United States District Court, N.D. Mississippi, Oxford Division
October 21, 2014
RYAN SCOTT YOUNG, Petitioner,
STATE OF MISSISSIPPI, Respondent.
NEAL B. BIGGERS, Senior District Judge.
This matter comes before the court on the pro se petition of Ryan Scott Young for a writ of habeas corpus under 28 U.S.C. § 2254. The State has moved to dismiss the petition for failure to state a claim upon which relief could be granted. Young has responded to the petition, and the matter is ripe for resolution. For the reasons set forth below, the State's motion to dismiss will be granted and the instant petition for a writ of habeas corpus dismissed for failure to state a constitutional claim.
Facts and Procedural Posture
Petitioner Ryan Scott Young was convicted of Felony DUI and retaliation against a public servant in the Circuit Court of DeSoto County, Mississippi. Young was sentenced to serve a term of five (5) years for the DUI and a consecutive sentence of two (2) years post-release supervision. On August 1, 2013, Young's convictions and sentences were affirmed by the Mississippi Supreme Court. Young v. State, 119 So.3d 309 (Miss. 2013). On appeal, Young was represented by counsel, who raised four issues on his behalf:
(1) Count II of the indictment is defective;
(2) the trial court erred in failing to instruct the jury on an essential element of the crime in Count II;
(3) the evidence is insufficient to support the verdict on Count I; and (4) the verdict is against the overwhelming weight of the evidence.
Young also filed a pro se brief, which raised the issues he now seeks to raise in this petition: a challenge to his status as a citizen and person as contemplated by the Constitution - and the jurisdiction of the state and federal government to subject him to criminal prosecution. The state court did not address the issues raised in the pro se brief in its written opinion; however, as noted above, Young also filed a motion to dismiss his appeal on that same basis, which was denied. In addition, Young's "Motion to Dismiss Charges for Lack of Personal Jurisdiction" was denied by the Mississippi Supreme Court. Young has not filed a collateral challenge to his convictions and sentences in state court.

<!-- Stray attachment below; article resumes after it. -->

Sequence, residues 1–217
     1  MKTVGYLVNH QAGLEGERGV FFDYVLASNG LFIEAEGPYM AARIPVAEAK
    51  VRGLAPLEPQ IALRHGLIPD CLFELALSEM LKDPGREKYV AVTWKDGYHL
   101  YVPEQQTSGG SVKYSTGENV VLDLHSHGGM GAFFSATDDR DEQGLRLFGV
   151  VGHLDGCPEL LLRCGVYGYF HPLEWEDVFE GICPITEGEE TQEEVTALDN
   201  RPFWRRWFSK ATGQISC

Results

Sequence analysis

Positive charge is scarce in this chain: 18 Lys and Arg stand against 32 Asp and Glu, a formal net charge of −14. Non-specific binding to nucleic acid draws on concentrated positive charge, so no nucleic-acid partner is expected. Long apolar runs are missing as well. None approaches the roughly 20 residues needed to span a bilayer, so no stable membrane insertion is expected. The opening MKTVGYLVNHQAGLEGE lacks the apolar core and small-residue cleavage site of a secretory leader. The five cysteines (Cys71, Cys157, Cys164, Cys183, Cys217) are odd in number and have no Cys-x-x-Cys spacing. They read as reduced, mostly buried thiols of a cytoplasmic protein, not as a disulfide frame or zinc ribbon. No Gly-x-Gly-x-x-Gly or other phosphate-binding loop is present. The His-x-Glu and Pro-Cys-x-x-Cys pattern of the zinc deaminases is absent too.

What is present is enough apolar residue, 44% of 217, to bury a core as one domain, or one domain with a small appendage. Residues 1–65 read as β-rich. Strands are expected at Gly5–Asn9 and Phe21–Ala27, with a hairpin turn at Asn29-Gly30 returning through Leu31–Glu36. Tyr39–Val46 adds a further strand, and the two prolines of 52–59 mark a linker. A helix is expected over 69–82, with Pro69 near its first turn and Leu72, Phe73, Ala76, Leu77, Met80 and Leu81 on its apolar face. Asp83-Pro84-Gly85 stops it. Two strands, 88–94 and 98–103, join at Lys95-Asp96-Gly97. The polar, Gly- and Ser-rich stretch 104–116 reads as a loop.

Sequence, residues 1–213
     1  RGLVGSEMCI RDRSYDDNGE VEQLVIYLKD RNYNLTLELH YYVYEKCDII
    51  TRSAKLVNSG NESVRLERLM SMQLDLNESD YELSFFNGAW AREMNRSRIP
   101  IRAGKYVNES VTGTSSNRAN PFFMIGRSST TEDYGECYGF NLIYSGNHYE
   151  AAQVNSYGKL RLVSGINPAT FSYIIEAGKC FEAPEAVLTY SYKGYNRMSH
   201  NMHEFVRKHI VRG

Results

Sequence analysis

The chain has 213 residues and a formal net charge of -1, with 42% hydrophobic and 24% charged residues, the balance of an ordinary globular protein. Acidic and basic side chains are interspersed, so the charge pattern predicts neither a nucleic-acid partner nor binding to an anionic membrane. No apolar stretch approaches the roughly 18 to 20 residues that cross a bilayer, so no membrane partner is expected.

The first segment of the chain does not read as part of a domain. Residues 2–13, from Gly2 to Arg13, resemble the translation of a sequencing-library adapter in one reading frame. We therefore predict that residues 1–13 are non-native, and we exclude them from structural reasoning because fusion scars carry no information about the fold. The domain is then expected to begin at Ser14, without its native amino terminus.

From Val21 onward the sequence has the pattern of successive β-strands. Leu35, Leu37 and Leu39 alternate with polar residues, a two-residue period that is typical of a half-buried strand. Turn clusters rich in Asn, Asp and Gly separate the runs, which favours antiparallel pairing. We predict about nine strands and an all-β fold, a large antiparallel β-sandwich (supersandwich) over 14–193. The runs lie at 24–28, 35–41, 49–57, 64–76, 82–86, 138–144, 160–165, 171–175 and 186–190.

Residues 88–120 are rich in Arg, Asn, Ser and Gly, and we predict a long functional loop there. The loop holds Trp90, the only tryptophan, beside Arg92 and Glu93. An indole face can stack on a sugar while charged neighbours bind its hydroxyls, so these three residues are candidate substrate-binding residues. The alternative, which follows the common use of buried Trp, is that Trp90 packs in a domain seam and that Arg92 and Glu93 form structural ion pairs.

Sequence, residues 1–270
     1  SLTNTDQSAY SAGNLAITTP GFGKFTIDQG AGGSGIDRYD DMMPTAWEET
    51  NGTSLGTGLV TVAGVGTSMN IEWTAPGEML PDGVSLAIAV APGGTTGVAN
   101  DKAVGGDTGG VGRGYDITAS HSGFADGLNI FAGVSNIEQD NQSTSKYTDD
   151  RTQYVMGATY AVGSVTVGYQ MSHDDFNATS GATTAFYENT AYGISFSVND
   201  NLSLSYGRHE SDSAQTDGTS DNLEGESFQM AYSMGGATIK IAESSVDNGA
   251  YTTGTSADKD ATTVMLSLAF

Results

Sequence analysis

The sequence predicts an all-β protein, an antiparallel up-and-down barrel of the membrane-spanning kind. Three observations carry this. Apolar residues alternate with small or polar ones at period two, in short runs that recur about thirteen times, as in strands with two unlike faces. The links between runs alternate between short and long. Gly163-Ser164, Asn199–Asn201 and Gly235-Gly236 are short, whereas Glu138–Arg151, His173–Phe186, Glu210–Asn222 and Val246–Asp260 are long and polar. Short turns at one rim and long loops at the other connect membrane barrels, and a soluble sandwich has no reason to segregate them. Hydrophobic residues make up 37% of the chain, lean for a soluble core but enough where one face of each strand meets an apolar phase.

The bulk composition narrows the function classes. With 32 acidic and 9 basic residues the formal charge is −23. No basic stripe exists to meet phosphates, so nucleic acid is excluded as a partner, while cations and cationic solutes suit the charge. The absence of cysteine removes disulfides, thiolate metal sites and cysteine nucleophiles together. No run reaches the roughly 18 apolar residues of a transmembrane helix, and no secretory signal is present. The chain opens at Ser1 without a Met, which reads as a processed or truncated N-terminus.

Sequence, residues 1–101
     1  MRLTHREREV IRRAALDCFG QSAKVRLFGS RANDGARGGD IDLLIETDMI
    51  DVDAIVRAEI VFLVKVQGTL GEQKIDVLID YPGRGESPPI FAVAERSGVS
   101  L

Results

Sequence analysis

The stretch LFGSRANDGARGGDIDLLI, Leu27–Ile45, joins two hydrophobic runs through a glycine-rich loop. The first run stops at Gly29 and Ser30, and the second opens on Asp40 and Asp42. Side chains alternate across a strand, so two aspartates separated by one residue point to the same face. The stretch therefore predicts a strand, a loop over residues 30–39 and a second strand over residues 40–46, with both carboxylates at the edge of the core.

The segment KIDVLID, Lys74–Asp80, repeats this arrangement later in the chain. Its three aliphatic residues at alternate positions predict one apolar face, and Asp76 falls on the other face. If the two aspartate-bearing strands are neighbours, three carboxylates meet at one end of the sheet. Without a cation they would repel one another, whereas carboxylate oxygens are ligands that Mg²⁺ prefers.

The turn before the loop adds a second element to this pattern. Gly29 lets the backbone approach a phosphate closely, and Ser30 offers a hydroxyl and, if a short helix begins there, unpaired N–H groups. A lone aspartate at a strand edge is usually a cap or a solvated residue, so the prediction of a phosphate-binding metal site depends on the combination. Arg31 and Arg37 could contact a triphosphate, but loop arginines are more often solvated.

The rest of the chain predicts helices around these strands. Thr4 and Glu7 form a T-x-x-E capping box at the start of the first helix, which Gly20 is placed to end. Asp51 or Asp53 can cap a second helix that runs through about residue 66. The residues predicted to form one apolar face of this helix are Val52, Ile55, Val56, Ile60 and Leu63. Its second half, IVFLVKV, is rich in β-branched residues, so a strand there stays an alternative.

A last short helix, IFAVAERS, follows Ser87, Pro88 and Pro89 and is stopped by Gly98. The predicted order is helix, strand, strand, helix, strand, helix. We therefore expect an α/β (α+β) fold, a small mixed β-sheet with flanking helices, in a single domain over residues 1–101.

In the instant petition, Young raises three for relief (as stated by petitioner pro se ):
Ground One: The state's exercise of personal jurisdiction is a violation of due process of laws. I am a natural person and not an artificial or legal person. I am not a U.S. citizen; nor am I a person within meaning of the due process and equal protection clauses. The State of Mississippi does not have the lawful authority to deprive me of my unalienable rights to life, liberty or property.
Ground Two: I am a natural person and not a "person" within meaning of the Fourteenth Amendments equal protection and due process clauses. Nobody can dispute the fact that I am a living, flesh and blood human being. I am not a corporation. The State operated outside its jurisdictional limits.
Ground Three: I am not RYAN SCOTT YOUNG, a separate legal person. My name is not RYAN SCOTT YOUNG. My name is Ryan and I do not have a social security number. I cannot remember when I was born (because I was a baby, but my mother told me my birthday, which constitutes hearsay). I am not a U.S. citizen or a resident of the State of Mississippi.
Failure to State a Constitutional Claim
To maintain a petition for a writ of habeas corpus the petitioner must be deprived of some right secured to him by the Constitution or the laws of the United States. Irving v. Thigpen, 732 F.2d 1215, 1216 (5th Cir. 1984); Baker v. McCollan, 443 U.S. 137 (1979); Trussell v. Estelle, 699 F.2d 256, 259 (5th Cir. 1983). Mr. Young does not expound upon the grounds set forth above, but simply re-urges his arguments with substantially the same language. He argues that he is bound neither by the laws of the State of Mississippi nor by those of the United States. He also argues that he is not a "legal person" or corporation under either state or federal law - and that he is a resident of neither Mississippi nor the United States. Mr. Young does, however, provide the court with a current address in Southaven, Mississippi, which lies within the territorial boundaries of the United States. The cases he references in his response to the State's motion to dismiss do not support his arguments in any way. Given the frivolous nature of Young's petition, the court will not address each of his arguments individually; the claims set forth above speak for themselves. For these reasons, the State's motion to dismiss will be granted, and the instant petition for a writ of habeas corpus will be dismissed for failure to state a claim upon which relief could be granted. A final judgment consistent with this memorandum opinion will issue today.